Turkey. Sugar Semi-annual. Jan 2014 Jan. 11, 2014
Revised 2013 Sugar Semi-annual Report
This report replaces the 2013 Semi-annual report published on October, 2013.
Turkey’s sugar sector is regulated by production quotas which remained unchanged at 2,532,000 MT during the last three marketing years. However, total production quotas have been decreased for MY 2013/14 to 2,510,000 MT. In light of the decreased quotas, sugar production is expected to be 2.2 million metric tons in MY 2013/14.
In line with the decreased quotas, post expects 15 million MT of sugar beet production from a planted area of 280,000 hectares in MY2013/14. Sugar production is not expected to exceed 2.2 million metric tons and starch based sugar production is expected to be 244.400 metric tons similar to the figures of MY2012/13.
The major development in the sugar sector this year has been the draft regulation prepared by the Sugar Board which would change the current Sugar Law. Even though it has not been approved yet, it has stirred a lot of disputes between the sugar beet producers and the starch based sugar (SBS) producers.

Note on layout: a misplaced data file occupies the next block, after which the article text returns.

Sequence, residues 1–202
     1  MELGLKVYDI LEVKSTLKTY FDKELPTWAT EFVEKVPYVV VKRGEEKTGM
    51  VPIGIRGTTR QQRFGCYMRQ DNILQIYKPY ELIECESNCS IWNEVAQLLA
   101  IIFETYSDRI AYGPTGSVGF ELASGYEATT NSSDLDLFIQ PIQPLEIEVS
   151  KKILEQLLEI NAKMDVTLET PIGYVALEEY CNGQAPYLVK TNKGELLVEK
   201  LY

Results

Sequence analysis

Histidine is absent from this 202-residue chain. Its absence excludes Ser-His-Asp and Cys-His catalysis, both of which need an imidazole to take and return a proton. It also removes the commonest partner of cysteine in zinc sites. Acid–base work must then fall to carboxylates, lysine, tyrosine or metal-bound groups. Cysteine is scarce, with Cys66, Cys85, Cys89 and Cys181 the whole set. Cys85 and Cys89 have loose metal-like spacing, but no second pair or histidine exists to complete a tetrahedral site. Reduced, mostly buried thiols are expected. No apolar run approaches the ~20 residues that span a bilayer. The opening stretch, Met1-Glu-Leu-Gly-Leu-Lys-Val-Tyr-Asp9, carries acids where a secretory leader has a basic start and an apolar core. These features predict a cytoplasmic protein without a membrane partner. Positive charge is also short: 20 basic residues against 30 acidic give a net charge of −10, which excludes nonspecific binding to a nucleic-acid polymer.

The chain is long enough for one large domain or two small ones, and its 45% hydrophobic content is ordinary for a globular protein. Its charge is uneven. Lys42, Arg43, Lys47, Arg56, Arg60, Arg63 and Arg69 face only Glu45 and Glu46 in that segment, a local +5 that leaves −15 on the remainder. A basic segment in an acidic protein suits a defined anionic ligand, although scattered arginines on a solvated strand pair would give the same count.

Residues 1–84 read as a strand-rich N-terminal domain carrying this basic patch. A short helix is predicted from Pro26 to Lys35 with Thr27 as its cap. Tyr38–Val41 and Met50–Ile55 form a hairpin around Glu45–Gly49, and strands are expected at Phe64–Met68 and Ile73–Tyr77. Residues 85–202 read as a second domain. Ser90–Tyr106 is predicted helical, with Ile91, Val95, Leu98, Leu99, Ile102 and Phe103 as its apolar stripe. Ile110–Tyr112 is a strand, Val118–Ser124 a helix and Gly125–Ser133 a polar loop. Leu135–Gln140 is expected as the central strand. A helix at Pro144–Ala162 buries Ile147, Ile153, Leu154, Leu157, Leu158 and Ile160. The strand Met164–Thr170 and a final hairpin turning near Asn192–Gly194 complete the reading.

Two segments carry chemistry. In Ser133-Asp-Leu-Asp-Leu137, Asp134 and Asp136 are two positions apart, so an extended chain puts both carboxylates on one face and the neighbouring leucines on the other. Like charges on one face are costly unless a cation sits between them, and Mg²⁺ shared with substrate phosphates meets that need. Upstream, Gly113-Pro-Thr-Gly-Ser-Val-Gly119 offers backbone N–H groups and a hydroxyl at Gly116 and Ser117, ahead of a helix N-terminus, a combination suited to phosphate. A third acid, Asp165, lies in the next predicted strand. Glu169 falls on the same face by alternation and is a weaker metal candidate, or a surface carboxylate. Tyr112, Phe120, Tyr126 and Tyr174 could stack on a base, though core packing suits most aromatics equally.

Production: Sugar beets
Factories start processing sugar beets in the beginning of October, and this period is called the campaign period. Unchanged production quotas for the past three marketing years have led to a decrease in plantation and an eventual reduction in sugar production. In MY 2012/13, 14,937,710 MT of sugar beets were harvested from 279,589 hectares. Post expects these figures to be slightly lower in MY 2013/14.
The average national yield per decar (1,000 m2) has increased gradually from 5.3 tons to 6.3 tons in the last couple of years. While the planted area is decreasing, sugar beet yield has been increasing due to the adoption of modern agriculture techniques and higher quality seeds.
Production: Centrifugal Sugar